Does uttering the phrase "bedtime"
send your toddler into squeals of hysterical protest? Do you sink onto your
sheets in grateful exhaustion each night, only to hear the plaintive call of
"Mommy" as your child creeps through your bedroom door? Then you are in
desperate need of these terrific tips, designed to end every mom's epic struggle
for a good night's rest.
Keep bedtime and the ritual that surrounds it consistent to establish a familiar
routine, security, predictability, and an end to negotiations.
Build active play and exercise into your child's day to ensure that by
bedtime he's ready to sleep.
Have a calm period after dinner, whether that means reading before bed,
cuddling, telling stories, or taking a bath. Make the half an hour before bed a
transition time that quiets down your child and prepares him for bed.
Give your child plenty of notice as bedtime approaches, so he can begin the
transition and end at his pace whatever activity in which he's involved.
Set a timer for starting the bedtime routine if you find yourself engaged in
Give your child some control over his bedtime routine - allow him some choices,
like between two books or pairs of pajamas.
Make a chart with pictures of everything that needs to be done before bed. This
way your child can start working on these himself, from putting on pajamas to
brushing his teeth, to picking up toys on his bedroom floor.
As a treat for your child in the winter, warm pajamas in the dryer for a few
minutes to make them cozy, but make sure buttons and other metal parts don't get
Set a time for lights out, and stick as close to it as possible.
If you work, resist the urge to allow your child to stay up later to spend time
with him. This will only make him cranky if he has to get up early for school or
day care. Even on a weekend, this will throw off his schedule.
Move bedtime earlier if your child has difficulty getting up for day care or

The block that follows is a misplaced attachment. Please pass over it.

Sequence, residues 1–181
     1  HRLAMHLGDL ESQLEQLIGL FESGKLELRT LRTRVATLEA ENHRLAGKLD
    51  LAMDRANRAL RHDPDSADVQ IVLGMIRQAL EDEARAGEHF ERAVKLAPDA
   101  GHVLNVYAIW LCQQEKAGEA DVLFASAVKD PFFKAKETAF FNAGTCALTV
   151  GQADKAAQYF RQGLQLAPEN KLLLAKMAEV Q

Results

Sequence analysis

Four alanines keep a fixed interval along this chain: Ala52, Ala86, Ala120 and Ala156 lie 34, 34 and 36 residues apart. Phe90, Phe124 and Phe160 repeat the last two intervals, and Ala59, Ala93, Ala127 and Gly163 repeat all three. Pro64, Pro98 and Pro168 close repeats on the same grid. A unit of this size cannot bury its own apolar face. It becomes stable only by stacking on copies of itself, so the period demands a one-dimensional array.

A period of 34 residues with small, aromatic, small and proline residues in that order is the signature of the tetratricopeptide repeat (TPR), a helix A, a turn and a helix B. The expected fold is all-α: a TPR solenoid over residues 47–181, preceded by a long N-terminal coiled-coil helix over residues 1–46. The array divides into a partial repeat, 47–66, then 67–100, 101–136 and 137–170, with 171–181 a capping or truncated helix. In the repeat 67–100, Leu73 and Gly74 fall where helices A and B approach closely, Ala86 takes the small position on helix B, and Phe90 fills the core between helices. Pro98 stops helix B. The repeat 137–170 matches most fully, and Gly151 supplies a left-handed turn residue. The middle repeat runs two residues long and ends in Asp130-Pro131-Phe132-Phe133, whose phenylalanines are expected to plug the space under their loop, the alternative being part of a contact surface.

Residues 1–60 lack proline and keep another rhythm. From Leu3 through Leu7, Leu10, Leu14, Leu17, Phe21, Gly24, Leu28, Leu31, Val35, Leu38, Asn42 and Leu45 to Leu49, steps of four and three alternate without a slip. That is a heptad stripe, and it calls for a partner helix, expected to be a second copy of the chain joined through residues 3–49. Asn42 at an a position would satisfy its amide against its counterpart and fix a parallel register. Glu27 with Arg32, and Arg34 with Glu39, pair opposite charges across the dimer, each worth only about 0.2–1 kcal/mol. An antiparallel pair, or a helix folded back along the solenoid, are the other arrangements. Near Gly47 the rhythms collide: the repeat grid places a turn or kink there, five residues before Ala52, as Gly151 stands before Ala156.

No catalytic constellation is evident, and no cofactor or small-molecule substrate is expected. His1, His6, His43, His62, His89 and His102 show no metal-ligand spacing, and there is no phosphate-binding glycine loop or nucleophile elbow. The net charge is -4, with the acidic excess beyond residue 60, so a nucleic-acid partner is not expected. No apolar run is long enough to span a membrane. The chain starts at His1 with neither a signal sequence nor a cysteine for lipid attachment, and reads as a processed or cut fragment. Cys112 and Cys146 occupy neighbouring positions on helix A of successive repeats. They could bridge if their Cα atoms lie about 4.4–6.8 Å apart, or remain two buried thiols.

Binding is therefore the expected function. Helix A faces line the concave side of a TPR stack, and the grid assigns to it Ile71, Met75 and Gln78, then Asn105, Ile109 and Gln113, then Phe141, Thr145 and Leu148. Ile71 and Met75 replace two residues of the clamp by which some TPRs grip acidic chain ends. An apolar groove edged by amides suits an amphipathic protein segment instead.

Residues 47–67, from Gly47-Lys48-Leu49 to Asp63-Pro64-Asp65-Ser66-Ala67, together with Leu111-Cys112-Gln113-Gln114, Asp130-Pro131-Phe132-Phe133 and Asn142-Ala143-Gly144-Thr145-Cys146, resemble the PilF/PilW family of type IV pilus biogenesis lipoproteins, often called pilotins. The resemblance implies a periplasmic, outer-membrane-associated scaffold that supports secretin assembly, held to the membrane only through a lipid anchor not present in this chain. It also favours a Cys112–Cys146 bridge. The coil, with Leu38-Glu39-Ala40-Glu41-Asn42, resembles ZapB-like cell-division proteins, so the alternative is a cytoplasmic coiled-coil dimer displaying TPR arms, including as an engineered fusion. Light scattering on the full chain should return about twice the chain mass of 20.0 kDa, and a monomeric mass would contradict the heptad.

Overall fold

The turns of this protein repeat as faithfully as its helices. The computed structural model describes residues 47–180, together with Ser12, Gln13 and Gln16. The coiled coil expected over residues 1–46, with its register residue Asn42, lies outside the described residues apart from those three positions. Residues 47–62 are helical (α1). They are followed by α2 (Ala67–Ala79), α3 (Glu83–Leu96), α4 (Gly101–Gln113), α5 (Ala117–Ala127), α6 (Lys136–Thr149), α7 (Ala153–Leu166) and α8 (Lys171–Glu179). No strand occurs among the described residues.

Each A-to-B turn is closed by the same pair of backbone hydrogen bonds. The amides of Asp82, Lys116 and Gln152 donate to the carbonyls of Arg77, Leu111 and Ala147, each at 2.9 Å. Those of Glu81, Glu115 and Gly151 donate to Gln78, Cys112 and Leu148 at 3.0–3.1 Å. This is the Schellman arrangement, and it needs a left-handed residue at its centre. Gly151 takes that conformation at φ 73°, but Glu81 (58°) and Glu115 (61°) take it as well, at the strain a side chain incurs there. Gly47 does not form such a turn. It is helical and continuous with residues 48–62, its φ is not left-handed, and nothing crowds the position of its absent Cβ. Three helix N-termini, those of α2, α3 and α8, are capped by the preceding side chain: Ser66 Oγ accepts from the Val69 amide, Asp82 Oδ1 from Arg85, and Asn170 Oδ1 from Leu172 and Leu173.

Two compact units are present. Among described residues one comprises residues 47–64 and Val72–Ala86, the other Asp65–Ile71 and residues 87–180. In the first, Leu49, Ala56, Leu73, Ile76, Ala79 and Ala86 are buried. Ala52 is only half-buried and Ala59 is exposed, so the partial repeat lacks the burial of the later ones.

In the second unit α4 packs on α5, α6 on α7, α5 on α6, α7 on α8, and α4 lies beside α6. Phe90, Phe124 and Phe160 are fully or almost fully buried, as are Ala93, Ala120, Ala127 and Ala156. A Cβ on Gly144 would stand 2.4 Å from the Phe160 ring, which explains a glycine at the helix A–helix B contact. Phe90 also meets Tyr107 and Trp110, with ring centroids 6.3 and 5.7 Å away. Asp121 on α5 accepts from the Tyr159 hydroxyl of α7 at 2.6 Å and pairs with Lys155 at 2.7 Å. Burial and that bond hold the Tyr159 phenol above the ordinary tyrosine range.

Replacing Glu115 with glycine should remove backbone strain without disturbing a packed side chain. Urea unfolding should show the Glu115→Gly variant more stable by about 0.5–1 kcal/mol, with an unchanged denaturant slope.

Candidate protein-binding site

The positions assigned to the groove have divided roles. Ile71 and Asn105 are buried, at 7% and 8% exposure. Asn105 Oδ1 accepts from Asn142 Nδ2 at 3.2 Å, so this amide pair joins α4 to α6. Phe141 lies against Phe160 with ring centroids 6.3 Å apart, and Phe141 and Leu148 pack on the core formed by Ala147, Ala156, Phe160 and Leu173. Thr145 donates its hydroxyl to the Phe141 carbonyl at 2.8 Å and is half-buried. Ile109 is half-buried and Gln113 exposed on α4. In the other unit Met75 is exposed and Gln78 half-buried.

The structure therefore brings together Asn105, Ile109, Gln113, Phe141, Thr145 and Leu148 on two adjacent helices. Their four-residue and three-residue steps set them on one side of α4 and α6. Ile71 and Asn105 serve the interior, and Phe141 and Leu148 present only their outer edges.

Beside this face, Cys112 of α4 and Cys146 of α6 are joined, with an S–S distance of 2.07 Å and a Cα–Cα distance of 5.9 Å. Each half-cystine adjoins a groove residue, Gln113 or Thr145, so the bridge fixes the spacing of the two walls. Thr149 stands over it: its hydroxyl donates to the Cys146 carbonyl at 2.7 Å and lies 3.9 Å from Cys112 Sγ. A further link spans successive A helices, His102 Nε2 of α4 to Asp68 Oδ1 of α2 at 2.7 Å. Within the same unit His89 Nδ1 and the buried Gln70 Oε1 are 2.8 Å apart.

school in the morning.
Tell your child when a special occasion is coming that allows or
requires him to stay up later than usual, and let him know when bedtime will
return to normal again.
Do not offer a later bedtime as a reward for good behavior or an earlier bedtime
as punishment for bad behavior, to ensure that your child does not begin to
associate sleep with punishment. Keep the message clear that sleep is a way to
let your child's body energize itself for the next day.
If your child habitually gets out of bed after having been tucked in for the
Make sure he has water nearby if he is thirsty, and a night-light or low-watt
light on if he's concerned about the dark.
Immediately lead your child back to bed, quietly remind him it is bedtime and
tell him you will check back in awhile.
Minimize contact and conversation. Repeat the process as many times as necessary
without making a production of it.
If your child wants you in the room with him, compromise by offering to stay in
the hallway until he falls asleep.
Reward him with stars, stickers, and extra stories at night for not getting out
of bed. Communicate the message that you refuse to waver on bedtime, and that
pleas and entreaties will not buy more stories, television, play time, or
Copyright 2006, Mom
Permission granted for
Stacy DeBroff, best-selling parenting author of The Mom Book Goes to School:
Insider Tips to Ensure Your Child Thrives in Elementary and Middle School, and
founder of www.MomCentral.com